Monday, February 23, 2015

Teaching Author's Mood

This past week I focused on teaching Author's mood.

We started with reading a few stories that have a change in mood somewhere within the story/passage. I noticed that some of the students were having a bit of trouble thinking of words to describe the mood of the passage. I call these "mood words"while I am teaching. In order to expand their "mood word" vocabulary, I decided to make a list for the projector board so that they could refer to it during our next activity. You'll find the list in a PDF at the end of this blog post; however, you can also see it below :)
(the PDF includes Author's Tone words, as well)

As I had this list displayed, I had my students take a look at it and ask about any words they felt that they were not familiar with (nostalgic, for example, was a common one). We discussed these words so that the students would be able to use them in our next activity. 

I now had my students split their paper into 6 different boxes and we did the most fun thing ever..... listened to music!

My class was super excited about this! The objective - jot down the song title, listen to the song, and write down "mood words" in the box that you feel apply to the song being played. I then had the students separate into small groups of 2 or 3 and create a mini-poster for their song. (I assigned a song, which was previously played in our activity, to each group). Below are a couple of examples of my students' posters they created after listening to their songs. The song is in the caption below the picture if you can't tell based on their poster, haha!

"Stronger" by Kelly Clarkson

"Dream Big" by Ryan Shupe

All of the posters on our Super Work board ... The Mood of Music!

I know it is SO hard to find music that works in a classroom...appropriate music! Appropriate music that also appeals to our students is almost unheard of! I gathered a list of a few I really love!

Continuing the week with the same skill...

As we continued our week of Author's Mood, I had a new activity for the students. Now that they practiced using all of these new "mood words", I wanted them to show me that they could write with the words. I printed out a bunch of photos and/or quotes from Google (you will find my collection of photos attached below in the PDF) and gave one to each student, randomly. The students had to think about the mood the artist or author of the picture/quote was trying to express and then write about it. I wanted them to come up with more than one mood expressed by the picture/quote.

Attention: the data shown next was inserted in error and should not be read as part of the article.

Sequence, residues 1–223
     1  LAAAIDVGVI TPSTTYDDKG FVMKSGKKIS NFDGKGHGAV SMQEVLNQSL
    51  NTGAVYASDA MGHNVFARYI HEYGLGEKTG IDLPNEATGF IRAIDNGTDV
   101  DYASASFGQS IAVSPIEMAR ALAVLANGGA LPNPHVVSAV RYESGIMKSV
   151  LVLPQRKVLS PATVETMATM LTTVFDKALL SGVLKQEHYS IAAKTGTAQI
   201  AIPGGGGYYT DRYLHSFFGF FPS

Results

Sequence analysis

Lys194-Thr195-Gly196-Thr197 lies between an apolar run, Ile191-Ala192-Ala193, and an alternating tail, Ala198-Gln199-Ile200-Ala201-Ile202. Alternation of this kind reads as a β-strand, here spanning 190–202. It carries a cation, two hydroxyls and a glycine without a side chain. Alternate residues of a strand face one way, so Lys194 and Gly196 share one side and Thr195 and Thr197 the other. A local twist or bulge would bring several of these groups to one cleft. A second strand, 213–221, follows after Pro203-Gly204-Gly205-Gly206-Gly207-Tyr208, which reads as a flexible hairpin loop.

I handed out one to each random

Then the students wrote their rough drafts. Once they had a few friends edit their work, they wrote their final copies on this little paper I printed out.

The picked their construction paper colors - also based on the "mood" of their quote or picture.
(For example, they should not pick pink or yellow if the picture is grim or sad.)

 Below are some examples of the completed work: 
I typed what they say below some of them, just in case it is too blurry.

The mood of this artwork is cold. The man on the bench seems stressed and mad. No one else is there. Just him. Alone. There is not much light at all. He is lonely. All alone. 

I feel like the overall mood is sad and hopeless. I think it's sad and hopeless because everything is dark and dead. The clouds are dark and the trees are dead.

I feel that the overall mood of this artwork is calm, peaceful, and relaxing to me because you are riding  over the water through the sunset on a nice hot air balloon. When I see this picture I feel relaxed. I feel like I want to be on the hot air balloon, floating over the calm water into the sunset. You might even feel free and let go of all your stress and feel free. 

I feel that the overall mood of this quote is confident. I think that this quote has a confident mood because it is telling you to get dressed up and live life the way you want to live it. Other moods for this quote are powerful and relaxed. I think this also goes because it's telling you to have fun and relax. Anyone who reads this will want to relax and have fun.

When I look at my picture the overall mood feels playful because the frogs look like they're friendly and they want to play around. Other moods you might have [are] silly, happy, [and] calm. You might think happy because this whole picture has many different colors. It's colorful. This is the mood my picture makes me feel.

The overall quote is sorrow. Sorrow means sad. I know this because it says tears and when you have tears you cry. Another mood is lonely. I know that because the author is talking to a pillow.

I feel that this activity suited my purpose because the students used the new vocabulary words I wanted them to use. They really seemed to use them successfully. I was really proud of them! 

Keep in mind I used all of these activities along with the regular passage readings we use for reading practice. These activities alone will not teach students how to find the mood of a reading passage; however, I really feel that they broadened the students' knowledge of different words to express mood. They did a really great job with our reading passages after these lessons, and it made them love picking the mood of a reading!


  1. What a great activity! Thank you for the thorough explanation and for sharing your materials

  2. Thank you this is an awesome resource!

  3. Thank you for sharing your great work and this wonderful lesson! Going to work it into my plans this week. I am using it along with our novel we are reading, A Long Walk to Water, but I will also use the picture book Hannah and the Homunculus by Kurt Hassler. Have you read this title? There are amazing mood words in the story that I had not thought of until I read your lesson. The story also discusses the power of words in general.